Update: I’m experimenting with audio for some of my posts. If you’d like to listen to me reading this one aloud, click the play button:
Something went wrong in the teacher’s head one morning while she was taking attendance of her kindergarten class. She didn’t recognize any of the names on the page in front of her, and couldn’t even comprehend the individual letters. She rushed over to her lesson plans, and those, too, were cryptic.
A few days later the teacher, aged 40, would learn that a stroke had left her with a rare neurological condition: alexia without agraphia, more commonly called word blindness. People with this disorder can write words and understand spoken words. But they can’t read. This week, researchers Jason Cuomo, Murray Flaster, and José Biller of the Loyola University Medical Center published a fascinating description of this woman’s case in the medical journal Neurology.
More than a hundred years ago, a neurologist in France named Joseph Jules Dejerine described a case of alexia without agraphia for the first time. Dejerine’s patient, a businessman who liked to gamble and read music, lost his ability to read — both letters and musical notes — after having a stroke. Dejerine followed him for four years and observed that the man had no loss of intelligence: He continued to operate his booming business, listen to operas, and even play cards. He never learned to read, but he improvised by using his finger to trace the outline of letters on a page.
Dejerine’s patient is historically important because he was one of the first examples of a “disconnection syndrome,” according to a landmark paper published by esteemed neurologist Norman Geschwind in 1965. The man’s autopsy showed damage in the left occipital cortex, a region that processes vision, and in a part of the corpus callosum, a large bundle of nerve fibers that connects the brain’s left and right hemispheres. Dejerine hypothesized that the man’s word blindness came about because his intact right occipital cortex could not make connections to language areas of the brain.
The same thing happened in the teacher’s brain. After analyzing her MRI scans, doctors pinpointed damage in the left occipital cortex and the corpus callosum ‐ the very two regions affected in Dejerine’s patient.
The teacher, known as M.P., has something else in common with the older case. Without any prompting from her doctors, M.P. began using a finger-tracing method for reading. Here’s how her doctors describe it in their report:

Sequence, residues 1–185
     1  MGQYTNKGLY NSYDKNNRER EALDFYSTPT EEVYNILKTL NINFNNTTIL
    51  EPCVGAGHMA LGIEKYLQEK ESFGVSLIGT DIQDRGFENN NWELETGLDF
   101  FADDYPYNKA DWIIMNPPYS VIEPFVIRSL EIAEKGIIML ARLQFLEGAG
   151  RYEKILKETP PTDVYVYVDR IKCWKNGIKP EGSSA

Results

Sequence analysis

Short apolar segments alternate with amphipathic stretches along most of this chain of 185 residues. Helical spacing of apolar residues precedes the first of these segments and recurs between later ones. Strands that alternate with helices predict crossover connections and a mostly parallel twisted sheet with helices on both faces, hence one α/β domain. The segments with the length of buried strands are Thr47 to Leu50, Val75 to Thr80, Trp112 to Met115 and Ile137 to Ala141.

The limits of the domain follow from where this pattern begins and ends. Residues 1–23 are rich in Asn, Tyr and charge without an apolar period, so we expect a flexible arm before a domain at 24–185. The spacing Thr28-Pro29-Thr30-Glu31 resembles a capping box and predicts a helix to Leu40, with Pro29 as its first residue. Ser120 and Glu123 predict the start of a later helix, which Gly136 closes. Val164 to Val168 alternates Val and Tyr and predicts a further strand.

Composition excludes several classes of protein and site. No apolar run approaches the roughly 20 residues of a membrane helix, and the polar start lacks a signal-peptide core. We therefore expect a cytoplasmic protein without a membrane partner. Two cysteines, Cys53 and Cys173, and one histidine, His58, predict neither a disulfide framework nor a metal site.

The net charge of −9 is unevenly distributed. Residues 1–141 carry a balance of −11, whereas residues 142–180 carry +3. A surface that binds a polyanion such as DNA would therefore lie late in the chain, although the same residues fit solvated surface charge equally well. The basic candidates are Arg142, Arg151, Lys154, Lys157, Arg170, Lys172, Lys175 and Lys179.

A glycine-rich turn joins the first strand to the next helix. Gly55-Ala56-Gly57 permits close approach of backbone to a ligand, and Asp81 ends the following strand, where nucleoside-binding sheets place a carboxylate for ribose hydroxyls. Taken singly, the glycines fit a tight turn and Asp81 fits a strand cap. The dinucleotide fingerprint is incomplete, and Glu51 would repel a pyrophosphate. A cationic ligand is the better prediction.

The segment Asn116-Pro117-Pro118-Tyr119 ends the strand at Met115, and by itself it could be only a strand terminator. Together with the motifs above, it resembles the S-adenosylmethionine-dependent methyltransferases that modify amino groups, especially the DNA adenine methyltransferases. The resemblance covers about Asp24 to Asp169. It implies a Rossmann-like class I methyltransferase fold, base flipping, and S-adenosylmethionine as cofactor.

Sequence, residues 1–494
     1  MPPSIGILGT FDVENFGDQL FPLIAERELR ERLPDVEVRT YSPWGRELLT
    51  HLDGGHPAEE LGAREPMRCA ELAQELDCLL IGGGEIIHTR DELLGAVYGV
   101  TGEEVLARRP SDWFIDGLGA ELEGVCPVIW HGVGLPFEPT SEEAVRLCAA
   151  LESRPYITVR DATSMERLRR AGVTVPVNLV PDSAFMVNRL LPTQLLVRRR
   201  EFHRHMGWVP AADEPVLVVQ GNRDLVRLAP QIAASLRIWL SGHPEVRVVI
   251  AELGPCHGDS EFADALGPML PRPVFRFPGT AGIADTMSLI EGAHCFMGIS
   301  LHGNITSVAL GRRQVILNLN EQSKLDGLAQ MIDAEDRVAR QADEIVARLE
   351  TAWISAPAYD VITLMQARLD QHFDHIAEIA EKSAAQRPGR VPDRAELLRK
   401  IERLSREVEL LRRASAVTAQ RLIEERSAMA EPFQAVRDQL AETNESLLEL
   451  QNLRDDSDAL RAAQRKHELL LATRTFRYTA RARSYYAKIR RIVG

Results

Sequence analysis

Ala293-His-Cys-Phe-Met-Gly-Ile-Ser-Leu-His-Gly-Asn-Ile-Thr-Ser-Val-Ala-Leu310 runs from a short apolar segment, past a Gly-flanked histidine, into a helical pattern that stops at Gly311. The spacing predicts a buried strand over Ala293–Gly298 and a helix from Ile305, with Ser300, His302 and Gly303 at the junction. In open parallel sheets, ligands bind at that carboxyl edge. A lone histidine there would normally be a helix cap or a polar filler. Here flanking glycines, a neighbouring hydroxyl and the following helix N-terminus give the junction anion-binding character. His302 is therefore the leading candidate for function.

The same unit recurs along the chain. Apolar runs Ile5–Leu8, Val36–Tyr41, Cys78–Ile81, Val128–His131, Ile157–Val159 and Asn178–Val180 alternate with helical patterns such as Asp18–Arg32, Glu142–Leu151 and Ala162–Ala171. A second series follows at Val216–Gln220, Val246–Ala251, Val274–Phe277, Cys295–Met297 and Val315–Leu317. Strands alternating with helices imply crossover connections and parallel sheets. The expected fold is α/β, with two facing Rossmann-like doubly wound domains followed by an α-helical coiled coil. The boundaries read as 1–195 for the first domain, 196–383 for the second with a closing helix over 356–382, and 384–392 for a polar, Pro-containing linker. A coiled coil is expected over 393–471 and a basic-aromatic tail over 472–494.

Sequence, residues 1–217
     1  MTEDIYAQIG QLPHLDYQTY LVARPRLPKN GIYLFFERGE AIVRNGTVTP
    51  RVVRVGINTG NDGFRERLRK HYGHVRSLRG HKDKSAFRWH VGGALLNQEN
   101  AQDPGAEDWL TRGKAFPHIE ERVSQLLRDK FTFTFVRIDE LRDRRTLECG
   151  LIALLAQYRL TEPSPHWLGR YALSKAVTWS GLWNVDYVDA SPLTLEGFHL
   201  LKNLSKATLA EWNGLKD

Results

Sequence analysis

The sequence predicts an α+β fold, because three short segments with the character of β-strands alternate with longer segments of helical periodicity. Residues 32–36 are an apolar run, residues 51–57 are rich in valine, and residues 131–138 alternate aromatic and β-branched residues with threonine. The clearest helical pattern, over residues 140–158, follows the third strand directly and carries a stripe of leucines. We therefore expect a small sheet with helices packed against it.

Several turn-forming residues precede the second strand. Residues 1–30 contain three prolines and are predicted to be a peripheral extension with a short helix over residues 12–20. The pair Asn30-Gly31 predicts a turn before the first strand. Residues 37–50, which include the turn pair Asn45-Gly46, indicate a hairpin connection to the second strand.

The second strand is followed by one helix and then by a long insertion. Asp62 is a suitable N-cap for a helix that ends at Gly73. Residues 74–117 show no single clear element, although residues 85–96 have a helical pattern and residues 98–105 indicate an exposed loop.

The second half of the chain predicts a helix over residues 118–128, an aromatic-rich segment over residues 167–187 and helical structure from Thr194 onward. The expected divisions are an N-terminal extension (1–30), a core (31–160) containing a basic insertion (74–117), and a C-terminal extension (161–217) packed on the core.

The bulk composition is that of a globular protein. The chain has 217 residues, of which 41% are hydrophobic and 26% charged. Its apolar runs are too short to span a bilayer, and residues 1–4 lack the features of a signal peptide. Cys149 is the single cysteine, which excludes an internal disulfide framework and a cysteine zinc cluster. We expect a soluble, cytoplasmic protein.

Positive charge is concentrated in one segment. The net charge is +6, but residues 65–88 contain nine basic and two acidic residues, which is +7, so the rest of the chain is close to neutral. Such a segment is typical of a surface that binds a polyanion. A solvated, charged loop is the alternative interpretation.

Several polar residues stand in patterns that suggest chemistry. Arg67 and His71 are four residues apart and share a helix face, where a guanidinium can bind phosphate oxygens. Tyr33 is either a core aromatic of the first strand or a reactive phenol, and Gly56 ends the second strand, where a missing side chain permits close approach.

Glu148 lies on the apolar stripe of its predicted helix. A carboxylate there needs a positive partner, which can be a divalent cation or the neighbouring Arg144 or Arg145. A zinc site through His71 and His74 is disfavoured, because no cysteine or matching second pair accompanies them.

To see this curious adaptation in practice is to witness the very unique and focal nature of her deficit. Given a word, M.P. will direct her attention to the first letter, which she is unable to recognize. She will then place her finger on the letter and begin to trace each letter of the alphabet over it, in order, until she recognizes that she has traced the letter she is looking at. “That is the letter M,” she declares, after tracing the previous 12 letters of the alphabet with her finger while deciphering a word in front of her. Three letters later, she is able to shorten this exercise with a guess: “This word is ‘mother,’” she announces proudly.
Perhaps most interesting, M.P. has not lost the emotions that her brain had previously associated with the sight of a word. The report gives two vivid examples. The first came when her doctors showed her written words for different foods. “When shown the word ‘dessert’ in writing, M.P. exclaimed, ‘Oooh, I like that!'” the researchers write. “When shown the word ‘asparagus’ moments later, however, her response was rather different. ‘I’m not doing this word! Something’s upsetting me about this word!’ she exclaims.”
The second example came from M.P.’s mother, whom M.P. was living with at the time. When shown two letters that had come in the mail, M.P. quickly gave one to her mother and put the other in her purse. She couldn’t read the names of the senders, but yet she felt some emotional connection with one of the names and not with the other.
M.P.’s stroke stole her livelihood, as she can no longer teach children how to read. But she is working, at the front desk of a local fitness center, and hopes to one day write a memoir of her story to raise money for stroke research.
If you’re in the mood for more neurological case studies, in 2012 Cuomo, Flaster, and Biller published another intriguing report of two people with the rare Bálint syndrome. These people can see objects, but can’t point to them in space and can’t see the full visual field surrounding them.